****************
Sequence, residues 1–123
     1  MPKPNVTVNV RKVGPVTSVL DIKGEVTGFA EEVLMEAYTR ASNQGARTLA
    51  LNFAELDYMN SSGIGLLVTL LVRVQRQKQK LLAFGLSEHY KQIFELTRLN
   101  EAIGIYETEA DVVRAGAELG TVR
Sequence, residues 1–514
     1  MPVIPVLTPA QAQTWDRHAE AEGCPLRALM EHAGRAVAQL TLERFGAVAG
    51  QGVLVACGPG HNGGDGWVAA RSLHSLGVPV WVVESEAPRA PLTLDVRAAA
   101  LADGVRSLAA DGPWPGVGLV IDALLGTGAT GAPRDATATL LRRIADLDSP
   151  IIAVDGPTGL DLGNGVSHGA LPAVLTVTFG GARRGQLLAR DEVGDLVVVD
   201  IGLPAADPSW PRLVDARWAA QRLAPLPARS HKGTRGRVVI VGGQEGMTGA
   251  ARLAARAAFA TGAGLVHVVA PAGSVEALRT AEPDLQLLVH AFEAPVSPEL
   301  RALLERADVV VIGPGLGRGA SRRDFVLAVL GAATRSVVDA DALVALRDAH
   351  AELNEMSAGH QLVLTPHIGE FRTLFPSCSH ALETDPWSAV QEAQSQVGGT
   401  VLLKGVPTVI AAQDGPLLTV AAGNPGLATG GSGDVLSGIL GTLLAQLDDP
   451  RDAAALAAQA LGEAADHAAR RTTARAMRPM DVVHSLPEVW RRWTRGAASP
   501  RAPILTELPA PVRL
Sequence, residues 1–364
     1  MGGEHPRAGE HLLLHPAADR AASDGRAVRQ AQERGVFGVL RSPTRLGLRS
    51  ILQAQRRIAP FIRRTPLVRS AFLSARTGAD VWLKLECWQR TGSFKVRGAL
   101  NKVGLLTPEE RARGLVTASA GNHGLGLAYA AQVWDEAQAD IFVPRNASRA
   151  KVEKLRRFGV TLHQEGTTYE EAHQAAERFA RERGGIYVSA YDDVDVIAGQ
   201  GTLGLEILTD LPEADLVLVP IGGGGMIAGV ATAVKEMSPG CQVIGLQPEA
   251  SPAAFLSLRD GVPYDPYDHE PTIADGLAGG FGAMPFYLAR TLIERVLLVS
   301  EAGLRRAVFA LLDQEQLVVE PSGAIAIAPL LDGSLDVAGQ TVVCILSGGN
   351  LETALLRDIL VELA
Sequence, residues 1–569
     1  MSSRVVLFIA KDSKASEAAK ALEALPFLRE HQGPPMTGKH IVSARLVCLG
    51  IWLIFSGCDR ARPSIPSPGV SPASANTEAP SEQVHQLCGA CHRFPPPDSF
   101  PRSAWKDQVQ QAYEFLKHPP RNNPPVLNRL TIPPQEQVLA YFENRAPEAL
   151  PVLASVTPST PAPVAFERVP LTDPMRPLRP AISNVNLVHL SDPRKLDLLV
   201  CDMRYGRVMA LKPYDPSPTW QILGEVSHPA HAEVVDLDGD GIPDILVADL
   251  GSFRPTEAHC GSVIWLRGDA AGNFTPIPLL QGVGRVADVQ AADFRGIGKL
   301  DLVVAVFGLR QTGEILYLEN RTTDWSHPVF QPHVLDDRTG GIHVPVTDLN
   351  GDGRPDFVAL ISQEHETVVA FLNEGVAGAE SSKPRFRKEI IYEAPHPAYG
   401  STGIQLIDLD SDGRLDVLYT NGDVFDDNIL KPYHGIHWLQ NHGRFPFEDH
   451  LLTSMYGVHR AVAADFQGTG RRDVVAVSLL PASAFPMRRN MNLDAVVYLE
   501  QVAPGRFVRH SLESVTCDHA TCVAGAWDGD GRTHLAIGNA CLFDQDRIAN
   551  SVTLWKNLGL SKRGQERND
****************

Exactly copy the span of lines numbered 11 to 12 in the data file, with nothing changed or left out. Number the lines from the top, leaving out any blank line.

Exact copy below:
   251  ARLAARAAFA TGAGLVHVVA PAGSVEALRT AEPDLQLLVH AFEAPVSPEL
   301  RALLERADVV VIGPGLGRGA SRRDFVLAVL GAATRSVVDA DALVALRDAH